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No ‘direct’ link between decision on U.S. Super Bowl ads, ratings dive: CRTC

Jean-Pierre Blais, CEO of the Canadian Radio-television and Telecommunications Commission, addresses the Canadian Chapter of the International Institute of Communications, Wednesday, Nov. 16, 2016 in Ottawa.


The broadcast regulator is denying that its controversial decision to end a ban on U.S. Super Bowl ads had anything to do with a drop in ratings for the Canadian broadcasts of this year's big game.

Bell Media, which holds the Canadian rights to the game, says an average of 4.47 million viewers tuned in to watch last month as the New England Patriots defeated the Atlanta Falcons 34-28 in overtime – 39 per cent fewer viewers than in 2016.

In the days following the Feb. 5 broadcast, Bell – owner of CTV, CTV Two and TSN – blamed the decline on the 2015 decision by the Canadian Radio-television and Telecommunications Commission.

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A response from CRTC chairman Jean-Pierre Blais, released this week, says audience numbers for the Super Bowl have been in decline for some time and that there is more programming competing for viewers.

Citing complaints from Canadian viewers, the CRTC decided in 2015 to end the so-called "simultaneous substitution" of Canadian commercials for the star-studded American ads, starting with this year's game.

Bell Media, the National Football League, Canadian advertisers and several artists' unions launched a high-profile but ultimately unsuccessful campaign to have the ruling reversed.

"It should be noted that the Super Bowl (average minute audience) in Canada had already decreased by 9.5 per cent from 2015 to 2016 and that, according to news reports, the NFL has been experiencing lower viewership overall," Blais said in the Feb. 28 letter.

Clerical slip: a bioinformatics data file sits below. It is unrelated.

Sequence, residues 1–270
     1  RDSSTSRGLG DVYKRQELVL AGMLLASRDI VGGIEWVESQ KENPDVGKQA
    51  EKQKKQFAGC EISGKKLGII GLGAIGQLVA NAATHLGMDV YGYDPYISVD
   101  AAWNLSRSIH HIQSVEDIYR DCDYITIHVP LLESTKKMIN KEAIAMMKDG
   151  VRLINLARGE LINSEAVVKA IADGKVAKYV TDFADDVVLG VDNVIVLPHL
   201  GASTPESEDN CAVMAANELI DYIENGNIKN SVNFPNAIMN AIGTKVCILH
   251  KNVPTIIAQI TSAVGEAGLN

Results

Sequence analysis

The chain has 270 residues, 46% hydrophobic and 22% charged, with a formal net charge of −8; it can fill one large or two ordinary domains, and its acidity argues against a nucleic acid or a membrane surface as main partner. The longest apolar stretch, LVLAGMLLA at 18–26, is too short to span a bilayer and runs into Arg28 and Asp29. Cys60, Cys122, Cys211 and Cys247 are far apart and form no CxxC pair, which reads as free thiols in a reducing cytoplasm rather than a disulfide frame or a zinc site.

"This fact, combined with the reality that there are more programming services and high quality programming than ever before competing for consumers' attention, makes it difficult to draw a direct correlation between the total drop in the AMA for the Canadian broadcasters of the Super Bowl and the commission's decision on simultaneous substitution."

In the U.S., Fox drew an audience of 111.3 million viewers for the first Super Bowl to ever go into overtime, a smaller audience than the game has had in the last two years but still ranking among the biggest for a television program in the United States.

The Nielsen company says the Super Bowl saw its biggest ratings south of the border in 2015 when 114.4 million viewers saw the Patriots beat the Seattle Seahawks.

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Blais also cited increased audience numbers for French-language sports channel RDS, which carried the game with French ads, as a "clear sign" that Canadian broadcasters are capable of attracting larger audiences.

According to audience measurement firm Numeris, 994,700 people tuned into the RDS broadcast, up from 951,300 in 2016 and 935,000 the previous year, Blais wrote.

Bell Media declined to comment on Blais's letter. But in a statement issued shortly after the game, Scott Henderson, Bell Media vice-president, communications, said the CRTC's decision had "a direct and negative impact on Canadian viewers, advertisers and the broader broadcasting and creative community."

In late December, the media giant and the NFL jointly filed legal action against the regulator, asking the Federal Court of Appeal to reverse the commercial decision. No date has been set to hear the appeal.

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